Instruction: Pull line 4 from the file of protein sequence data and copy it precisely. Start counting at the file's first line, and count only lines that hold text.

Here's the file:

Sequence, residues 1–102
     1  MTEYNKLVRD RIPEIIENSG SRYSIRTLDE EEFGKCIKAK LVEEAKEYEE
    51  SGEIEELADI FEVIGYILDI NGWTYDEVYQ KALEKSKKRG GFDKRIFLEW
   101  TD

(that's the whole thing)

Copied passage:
   101  TD